-5
$\begingroup$

does this only mean that the Hummingbird is perfect in creation and needs no change to survive?

http://news.bbc.co.uk/2/hi/science/nature/3691169.stm

$\endgroup$
  • 3
    $\begingroup$ Please add references/links to your claim. $\endgroup$ – Dexter Oct 11 '15 at 11:01
  • 7
    $\begingroup$ The report does not say "exactly identical". The BBC news feature say the fossils "show many striking resemblances to modern hummingbird groups". The primary article (sciencemag.org/content/304/5672/861.full) says that the extinct species "is of essentially modern appearance and exhibits morphological specializations toward nectarivory and hovering flight". Your premise is wrong. $\endgroup$ – Roland Oct 11 '15 at 11:40
  • $\begingroup$ Nothing puts a biologist off as quickly as a phrase like "perfect in creation". Biology is a mess; see this xkcd to see what I'm talking about. $\endgroup$ – James Nov 30 '16 at 7:29
5
$\begingroup$

Hummingbirds were not created, they evolved.

Ancestors of a modern species need not be that morphologically different from their progeny, even over a time span of millions of years. And organism will fill a niche based on its fitness to survive in the niche.

If there are strong selective pressures in the environment to maintain the traits that we see today, even over a 20 million year time horizon, those traits will be preserved. That means that any variation that may have occurred, that does not confer a survival or a reproductive advantage, will be lost to the traits that are selected for.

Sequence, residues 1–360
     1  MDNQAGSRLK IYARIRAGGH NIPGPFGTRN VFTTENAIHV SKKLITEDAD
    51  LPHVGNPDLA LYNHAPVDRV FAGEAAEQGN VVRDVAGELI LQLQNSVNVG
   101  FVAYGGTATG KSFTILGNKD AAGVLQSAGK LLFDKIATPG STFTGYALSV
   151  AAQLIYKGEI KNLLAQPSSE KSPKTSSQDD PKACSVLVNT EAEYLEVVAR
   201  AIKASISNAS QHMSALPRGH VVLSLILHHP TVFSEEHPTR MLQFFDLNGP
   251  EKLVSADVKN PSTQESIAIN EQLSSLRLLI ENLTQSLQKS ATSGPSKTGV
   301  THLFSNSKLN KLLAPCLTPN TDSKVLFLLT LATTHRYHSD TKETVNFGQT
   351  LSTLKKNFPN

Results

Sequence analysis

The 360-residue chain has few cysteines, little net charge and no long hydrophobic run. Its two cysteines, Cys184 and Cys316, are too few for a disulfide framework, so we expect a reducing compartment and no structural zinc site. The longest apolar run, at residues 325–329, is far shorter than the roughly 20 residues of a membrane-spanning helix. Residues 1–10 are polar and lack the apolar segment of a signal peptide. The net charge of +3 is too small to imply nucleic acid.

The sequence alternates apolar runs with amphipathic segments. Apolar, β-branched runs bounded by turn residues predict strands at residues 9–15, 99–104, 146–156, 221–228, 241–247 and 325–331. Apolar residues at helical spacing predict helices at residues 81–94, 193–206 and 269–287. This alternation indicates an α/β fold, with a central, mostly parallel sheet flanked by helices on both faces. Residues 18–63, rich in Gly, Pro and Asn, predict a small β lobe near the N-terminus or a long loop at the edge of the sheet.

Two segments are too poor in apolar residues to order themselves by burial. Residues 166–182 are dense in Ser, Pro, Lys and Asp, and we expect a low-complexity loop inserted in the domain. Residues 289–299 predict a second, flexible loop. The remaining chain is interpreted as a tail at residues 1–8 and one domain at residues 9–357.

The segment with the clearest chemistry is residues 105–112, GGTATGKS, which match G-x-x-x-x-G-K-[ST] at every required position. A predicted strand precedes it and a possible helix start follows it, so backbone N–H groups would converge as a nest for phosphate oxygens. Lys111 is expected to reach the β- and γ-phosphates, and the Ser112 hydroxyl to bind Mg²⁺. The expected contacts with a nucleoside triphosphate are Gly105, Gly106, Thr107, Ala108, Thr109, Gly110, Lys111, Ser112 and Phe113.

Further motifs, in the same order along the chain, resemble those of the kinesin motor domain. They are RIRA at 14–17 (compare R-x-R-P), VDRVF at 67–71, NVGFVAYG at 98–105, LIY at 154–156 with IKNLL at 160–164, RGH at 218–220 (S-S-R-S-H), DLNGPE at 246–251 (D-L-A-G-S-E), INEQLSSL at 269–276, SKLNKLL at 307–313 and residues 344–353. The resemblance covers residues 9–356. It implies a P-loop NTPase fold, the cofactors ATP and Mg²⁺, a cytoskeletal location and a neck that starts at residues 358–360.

You then also have the idea of coevolution. If a particular flower that produces nectar that the hummingbirds relied on as their only source of food, could only be pollenated by the hummingbirds, then they would also rely on the hummingbirds. The success of each organism relied upon the success of the other. So the adaptation that made the hummingbird successful at feeding from that plant also made the plant a better breeder, so as both succeeded, but both relied on specific traits of the other, then they both put pressure on each other to stay relatively the same.

Add to that, if the niche was such that the hummingbirds didn't have a significant threat from predators and the plant didn't have parasites or other invasive species that would kill it off, and no other plants in that niche evolved as a food source for the hummingbirds, then there really is very little selective pressure for change, and the traits of both can be maintained for long periods of time.

$\endgroup$

Not the answer you're looking for? Browse other questions tagged or ask your own question.